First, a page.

Volvo Car's new design language and the groundbreaking driver experience will be introduced in the next car generation, starting with the all-new Volvo XC90 revealed during the fall of 2014.

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    Very Stylish 2 door Station wagon.

    Is that a battery bank in the back under the plexi glass? A little tired of the big center console between front seats. I think there is room to have a bench seat so your loved one can sit next to you.

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    Guessing this will be, in 5-door and higher ride height form, the new XC90 (and also that this theme will be the new S80 and V70 styling language). I'm liking it and enjoying that Chinese ownership isn't constraining the Swedes from doing what they do best: great yet not overdone designs!

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    If they can build this, then GM needs to find a way to build the Nomad which is what I thought of at first when I saw this.

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    • By Anthony Fongaro
      Germany. Known for impeccable engineering, German vehicles usually have cutting-edge technology and are status symbols. Sweden. The Swedish are known for safety, and even though the only brand from Sweden is Volvo, they want to have a sleek design while making vehicles easy to drive. South Korea. In my opinion, South Korea is doing a great job with their vehicles. Creating Genesis as a stand-alone brand was genius because they can have vehicles close to or competing with the Germans while costing thousands of dollars less.
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      Interior and infotainment systems are where the Genesis fall behind. The interior does feel luxurious, but the Volvo crushes it. A small infotainment system does it no justice. Volvo’s interior is gorgeous, but the infotainment system does something I hate: it controls almost everything. Why can’t there be regular controls for the climate control? Audi uses digital dials which are simply amazing and it has the best infotainment system. 
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      Genesis G70 3.3T: This is the car you get if you are all about those stats and performance. The interior may be lacking a bit, but the standard features make up for that downfall. Its exterior styling is a bit bland so style gurus will want to look elsewhere. Otherwise, this is a wonderful job and I think Genesis should be proud. 8/10
      Volvo S60 T6: Simply put, this isn’t a sports sedan. Instead, it is a great long-distance cruiser with so many safety features it can almost drive itself. It has the best looking exterior and interior, but the infotainment system and droning engine let it down. Volvo is doing an amazing job creating beautiful looking vehicles, but I wish they didn’t only use 2.0-liter engines. 7/10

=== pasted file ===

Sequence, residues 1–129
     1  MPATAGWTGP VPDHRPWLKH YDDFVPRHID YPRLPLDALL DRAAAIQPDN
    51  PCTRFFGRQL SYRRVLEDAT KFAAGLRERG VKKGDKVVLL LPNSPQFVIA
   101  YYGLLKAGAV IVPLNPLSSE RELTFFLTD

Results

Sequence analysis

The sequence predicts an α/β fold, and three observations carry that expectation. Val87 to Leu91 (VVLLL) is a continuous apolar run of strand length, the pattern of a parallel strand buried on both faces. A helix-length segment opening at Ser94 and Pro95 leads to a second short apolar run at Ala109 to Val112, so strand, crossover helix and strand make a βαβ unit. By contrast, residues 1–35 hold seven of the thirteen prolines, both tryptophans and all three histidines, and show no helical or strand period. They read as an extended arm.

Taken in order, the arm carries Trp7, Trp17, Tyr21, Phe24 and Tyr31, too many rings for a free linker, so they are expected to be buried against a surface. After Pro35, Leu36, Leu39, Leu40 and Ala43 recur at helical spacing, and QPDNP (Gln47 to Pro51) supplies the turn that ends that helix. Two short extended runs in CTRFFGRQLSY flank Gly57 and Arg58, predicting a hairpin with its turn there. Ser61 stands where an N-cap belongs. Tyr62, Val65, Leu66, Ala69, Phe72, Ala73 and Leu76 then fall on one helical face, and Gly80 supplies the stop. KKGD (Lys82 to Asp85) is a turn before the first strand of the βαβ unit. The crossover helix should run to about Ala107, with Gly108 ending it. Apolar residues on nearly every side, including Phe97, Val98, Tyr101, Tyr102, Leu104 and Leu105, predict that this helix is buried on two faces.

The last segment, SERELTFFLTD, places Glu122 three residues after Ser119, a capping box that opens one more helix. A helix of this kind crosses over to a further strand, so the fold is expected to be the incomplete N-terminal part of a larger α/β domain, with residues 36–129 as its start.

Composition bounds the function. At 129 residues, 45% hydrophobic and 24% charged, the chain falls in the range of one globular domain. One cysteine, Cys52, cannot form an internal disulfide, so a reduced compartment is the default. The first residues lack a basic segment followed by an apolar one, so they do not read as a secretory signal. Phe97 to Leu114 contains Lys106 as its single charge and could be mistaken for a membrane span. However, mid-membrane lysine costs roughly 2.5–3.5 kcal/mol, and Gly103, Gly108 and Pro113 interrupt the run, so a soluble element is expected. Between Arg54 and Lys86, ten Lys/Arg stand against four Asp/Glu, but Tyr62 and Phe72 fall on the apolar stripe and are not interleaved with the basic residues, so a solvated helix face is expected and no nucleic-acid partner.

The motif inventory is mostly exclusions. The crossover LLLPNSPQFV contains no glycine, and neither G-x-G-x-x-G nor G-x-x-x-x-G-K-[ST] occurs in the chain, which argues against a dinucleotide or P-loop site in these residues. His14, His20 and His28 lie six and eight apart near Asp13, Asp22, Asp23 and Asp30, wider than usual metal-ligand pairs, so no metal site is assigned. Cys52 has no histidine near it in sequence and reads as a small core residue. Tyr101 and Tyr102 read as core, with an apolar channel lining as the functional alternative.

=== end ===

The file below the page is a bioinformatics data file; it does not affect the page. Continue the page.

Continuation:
Audi S5 Sportback: New, it’s the most expensive but as a used car, you can get one for a little over $50,000 with around 30,000 miles. Why get this? Because it’s all about that badge, baby! It does have a great interior and the best infotainment system. It ties the Volvo for a beautiful exterior as well. If you can find one as a certified pre-owned vehicle or CPO, you can save about $10,000. 8/10

      My personal favorite part: It’s performance facts time!
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      Volvo T6: Turbocharged and supercharged 2.0-liter incline 4. Stats: 316 HP and 295-pound feet of torque. 0-60: 5.9 seconds.
      Audi S5 Sportback: Turbocharged 3.0-liter V6.  349 HP and 369-pound feet of torque. 0-60: 4.5 seconds. 
      What is your opinion? Which car do you think would suit you, and do you own the Audi, Genesis, or Volvo? Leave a comment below.
       

      View full article
    • By Anthony Fongaro
      Germany. Known for impeccable engineering, German vehicles usually have cutting-edge technology and are status symbols. Sweden. The Swedish are known for safety, and even though the only brand from Sweden is Volvo, they want to have a sleek design while making vehicles easy to drive. South Korea. In my opinion, South Korea is doing a great job with their vehicles. Creating Genesis as a stand-alone brand was genius because they can have vehicles close to or competing with the Germans while costing thousands of dollars less.
      What vehicles did I choose from these three countries? First, we have the Genesis G70. The particular G70 I am talking about is the G70 3.3T. It can compete directly with the Germans in terms of performance and safety features. Next, we have the Volvo S60 T6. It ties the Audi S5 Sportback in terms of exterior and interior looks and follows the tradition of being a Swedish car that focuses on safety which a hint of performance. The powertrain may be a little odd, but I’ll discuss engines and performance later. The black sheep here is a used Audi S5 Sportback? Why this car and not an S4? Simple, the S4 is too plain. The S5 Sportback is a good-looking car with performance similar to the Genesis, but a new one’s cost puts it in a different bracket.